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Medicaid at 50: Innovation, Not Expansion

620-WI-Medicaid-Laura-Frost

By David Lewellen

Wisconsin’s SeniorCare program saved Laura Frost almost half her total income last year.

In 2014, Frost spent $608 on medication and saved $9,317. The program, which covers prescription drugs for those 65 and older, predates the federal Medicare Part D. “I would go broke if I were in a traditional Medicare Part D program,” she said.

The 68-year-old Wausau resident, who lost her job in 2007, spent most of her 401(k) on living expenses before she took Social Security at 62. Before she became eligible for Medicare at 65, the nine prescriptions she takes for diabetes and other chronic conditions could have bankrupted her. Two years of Wisconsin’s BadgerCare “saved my life at that time,” she said.

Both SeniorCare and BadgerCare are Wisconsin health care programs under the federal umbrella of Medi­caid, which is celebrating its 50th anniversary in July. The landmark federal-state program for low-income medical coverage is a vital resource for the state’s older population.

“Most people don’t realize that SeniorCare, BadgerCare and Family Care are also part of Medicaid,” said Helen Marks Dicks, state advocacy director for AARP Wisconsin. AARP members are “grateful for Medicaid when they need help,” she added.

Even for those who receive Medicare, Dicks said, “the older you get, the more valuable Medicaid programs become.”

The state has a history of creative, expansive Medicaid programs. It was an early adopter of managed care in the 1990s, said Donna Friedsam of the University of Wisconsin Population Health Institute, and most states have followed its lead.

Family Care, which provides services to help older Wisconsinites stay in their homes, “is an important option, and such choices are good for everyone,” Friedsam said. Staying in one’s own house usually costs less, and people often prefer it, she said.

In innovation and reach, “we were ahead of most other states going back to the creation of BadgerCare,” said Jon Peacock, research director at the Wisconsin Council on Children and Families, an advocacy group.

In all, Medicaid’s programs cover about 1.2 million Wisconsinites. For every $1 in state money spent on Medicaid, the federal government provides a $1.40 match.

The state has “historically shown leadership in the area of community-based long-term care and broadening access for low-income families,” Peacock said.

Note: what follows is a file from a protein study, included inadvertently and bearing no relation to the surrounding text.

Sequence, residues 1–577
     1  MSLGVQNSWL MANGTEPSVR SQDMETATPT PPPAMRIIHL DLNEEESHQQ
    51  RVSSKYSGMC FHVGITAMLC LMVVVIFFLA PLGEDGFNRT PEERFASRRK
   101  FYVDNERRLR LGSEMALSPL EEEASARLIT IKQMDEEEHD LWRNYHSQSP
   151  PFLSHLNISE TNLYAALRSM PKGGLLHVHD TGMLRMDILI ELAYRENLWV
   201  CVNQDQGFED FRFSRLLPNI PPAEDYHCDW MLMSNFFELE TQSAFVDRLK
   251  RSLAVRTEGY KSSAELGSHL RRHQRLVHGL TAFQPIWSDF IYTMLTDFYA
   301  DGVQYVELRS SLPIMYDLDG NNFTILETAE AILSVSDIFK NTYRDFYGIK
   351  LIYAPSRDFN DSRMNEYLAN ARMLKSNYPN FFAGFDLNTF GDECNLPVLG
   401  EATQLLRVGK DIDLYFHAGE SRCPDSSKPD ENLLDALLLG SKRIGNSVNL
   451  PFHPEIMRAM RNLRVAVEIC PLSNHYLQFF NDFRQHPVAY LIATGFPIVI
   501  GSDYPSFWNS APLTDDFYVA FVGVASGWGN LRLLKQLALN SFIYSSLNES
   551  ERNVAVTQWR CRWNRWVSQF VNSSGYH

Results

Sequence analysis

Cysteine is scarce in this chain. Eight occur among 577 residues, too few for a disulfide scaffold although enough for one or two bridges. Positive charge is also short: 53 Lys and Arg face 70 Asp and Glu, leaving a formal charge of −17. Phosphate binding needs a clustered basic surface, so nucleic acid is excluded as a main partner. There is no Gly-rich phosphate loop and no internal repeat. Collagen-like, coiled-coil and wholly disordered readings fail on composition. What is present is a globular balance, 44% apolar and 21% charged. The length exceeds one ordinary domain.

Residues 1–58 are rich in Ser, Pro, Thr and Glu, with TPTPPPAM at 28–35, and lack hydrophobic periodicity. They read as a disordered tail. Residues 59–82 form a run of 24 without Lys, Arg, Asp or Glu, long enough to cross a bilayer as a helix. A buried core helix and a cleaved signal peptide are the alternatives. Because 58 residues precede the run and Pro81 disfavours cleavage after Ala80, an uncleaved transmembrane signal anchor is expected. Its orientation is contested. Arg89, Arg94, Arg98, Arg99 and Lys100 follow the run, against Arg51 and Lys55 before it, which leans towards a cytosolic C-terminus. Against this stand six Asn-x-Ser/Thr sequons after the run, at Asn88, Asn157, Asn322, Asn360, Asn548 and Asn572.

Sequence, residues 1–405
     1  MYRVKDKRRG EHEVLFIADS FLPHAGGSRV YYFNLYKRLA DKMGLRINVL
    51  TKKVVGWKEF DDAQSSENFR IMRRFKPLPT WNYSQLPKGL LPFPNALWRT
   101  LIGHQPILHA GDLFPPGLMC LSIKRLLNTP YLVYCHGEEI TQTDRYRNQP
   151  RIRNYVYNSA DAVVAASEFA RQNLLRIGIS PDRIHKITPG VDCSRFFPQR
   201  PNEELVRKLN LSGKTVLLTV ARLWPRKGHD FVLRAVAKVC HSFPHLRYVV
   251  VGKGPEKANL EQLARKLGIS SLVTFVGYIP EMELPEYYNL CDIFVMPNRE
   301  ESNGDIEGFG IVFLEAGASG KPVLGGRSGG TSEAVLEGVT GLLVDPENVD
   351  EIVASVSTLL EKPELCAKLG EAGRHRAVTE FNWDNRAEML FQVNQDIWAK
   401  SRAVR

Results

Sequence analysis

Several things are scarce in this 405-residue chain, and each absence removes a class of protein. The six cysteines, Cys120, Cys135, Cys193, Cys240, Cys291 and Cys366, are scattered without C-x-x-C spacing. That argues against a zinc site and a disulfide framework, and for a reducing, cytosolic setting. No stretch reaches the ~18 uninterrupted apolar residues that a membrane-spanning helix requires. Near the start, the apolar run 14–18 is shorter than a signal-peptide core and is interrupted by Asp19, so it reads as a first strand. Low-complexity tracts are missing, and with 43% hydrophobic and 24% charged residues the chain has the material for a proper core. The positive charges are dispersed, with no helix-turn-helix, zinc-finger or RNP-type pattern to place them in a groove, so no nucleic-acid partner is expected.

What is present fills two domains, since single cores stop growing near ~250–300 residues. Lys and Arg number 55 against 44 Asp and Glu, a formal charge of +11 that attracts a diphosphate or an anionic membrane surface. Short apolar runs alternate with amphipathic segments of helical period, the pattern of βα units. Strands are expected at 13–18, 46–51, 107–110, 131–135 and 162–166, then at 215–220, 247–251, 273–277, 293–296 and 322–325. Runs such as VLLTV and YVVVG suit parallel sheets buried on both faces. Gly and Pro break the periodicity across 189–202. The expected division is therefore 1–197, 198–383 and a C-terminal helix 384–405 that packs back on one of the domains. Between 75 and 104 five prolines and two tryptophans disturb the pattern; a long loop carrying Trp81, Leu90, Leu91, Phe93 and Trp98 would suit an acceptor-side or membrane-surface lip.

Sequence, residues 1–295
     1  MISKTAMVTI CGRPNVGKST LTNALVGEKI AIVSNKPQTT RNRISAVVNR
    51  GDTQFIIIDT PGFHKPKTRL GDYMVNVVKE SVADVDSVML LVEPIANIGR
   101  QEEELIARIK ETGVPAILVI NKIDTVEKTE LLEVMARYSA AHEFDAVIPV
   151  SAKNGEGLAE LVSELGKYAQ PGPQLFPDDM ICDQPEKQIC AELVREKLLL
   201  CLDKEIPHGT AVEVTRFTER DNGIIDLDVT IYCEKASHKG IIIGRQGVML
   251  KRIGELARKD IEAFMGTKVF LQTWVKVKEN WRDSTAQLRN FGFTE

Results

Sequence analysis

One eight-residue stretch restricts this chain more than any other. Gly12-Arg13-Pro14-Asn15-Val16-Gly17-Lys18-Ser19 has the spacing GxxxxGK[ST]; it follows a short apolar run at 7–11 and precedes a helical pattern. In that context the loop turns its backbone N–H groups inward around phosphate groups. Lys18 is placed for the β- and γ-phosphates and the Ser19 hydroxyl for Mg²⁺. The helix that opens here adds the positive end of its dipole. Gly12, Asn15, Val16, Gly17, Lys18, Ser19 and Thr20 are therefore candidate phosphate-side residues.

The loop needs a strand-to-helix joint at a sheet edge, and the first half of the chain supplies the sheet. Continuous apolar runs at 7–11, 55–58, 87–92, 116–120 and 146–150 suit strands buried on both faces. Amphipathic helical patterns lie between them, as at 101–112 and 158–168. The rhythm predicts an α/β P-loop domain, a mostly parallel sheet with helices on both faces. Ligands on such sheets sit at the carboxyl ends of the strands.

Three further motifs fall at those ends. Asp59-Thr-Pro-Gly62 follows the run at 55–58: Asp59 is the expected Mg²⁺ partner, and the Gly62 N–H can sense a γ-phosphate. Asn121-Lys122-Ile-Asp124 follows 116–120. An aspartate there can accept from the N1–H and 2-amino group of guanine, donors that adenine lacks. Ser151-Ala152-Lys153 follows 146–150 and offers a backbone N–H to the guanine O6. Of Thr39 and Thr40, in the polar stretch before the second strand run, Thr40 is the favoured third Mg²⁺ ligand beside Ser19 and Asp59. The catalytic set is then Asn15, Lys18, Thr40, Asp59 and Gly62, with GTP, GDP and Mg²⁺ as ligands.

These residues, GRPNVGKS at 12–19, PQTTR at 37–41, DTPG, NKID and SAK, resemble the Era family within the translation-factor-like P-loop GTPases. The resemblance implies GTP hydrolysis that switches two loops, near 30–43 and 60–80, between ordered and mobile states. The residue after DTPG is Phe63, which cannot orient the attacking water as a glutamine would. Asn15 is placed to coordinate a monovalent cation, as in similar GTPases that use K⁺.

Expansion rejected
In 2013, however, the Legislature and Gov. Scott Walker (R) declined to accept the federal government’s plan to expand Medicaid coverage. Instead, Wisconsin broadened BadgerCare Plus to include childless adults in poverty while removing parents above the poverty line from the program, directing them to apply for federally subsidized health insurance.

As a result, more than 80,000 people who would have been eligible for coverage under expansion did not get it, and the state lost a net $206 million by not taking additional Medicaid dollars. AARP’s position, Dicks said, is: “Let’s do the Medicaid expansion.”

Kevin Moore, director of Wisconsin’s Medicaid program, said that recent changes, including the state’s refusal to accept the federal expansion, are meant to encourage people to work and “solidify the Medicaid program as a true safety net” while ensuring it is sustainable and affordable.

“Wisconsin struggles with high long-term care costs and an aging population,” Friedsam said. “It’s a huge challenge facing Medicaid in both the state and the nation.”

Wisconsin introduced the SeniorCare prescription drug benefit for older people in 2002, before the creation of Medicare Part D. Janice Erickson, who recently retired as benefit specialist coordinator for the Aging and Disability Resource Center in Kenosha, said, “People love it. SeniorCare saves money for the individuals, the state and the federal government.”

Across the country, Medicaid has been “an extremely valuable and effective program in enabling far more people to have access to preventive care, to be healthier and in the workforce, and not to have the risk of bankruptcy hanging over them,” Peacock said.

David Lewellen is a writer living in Glendale, WI.

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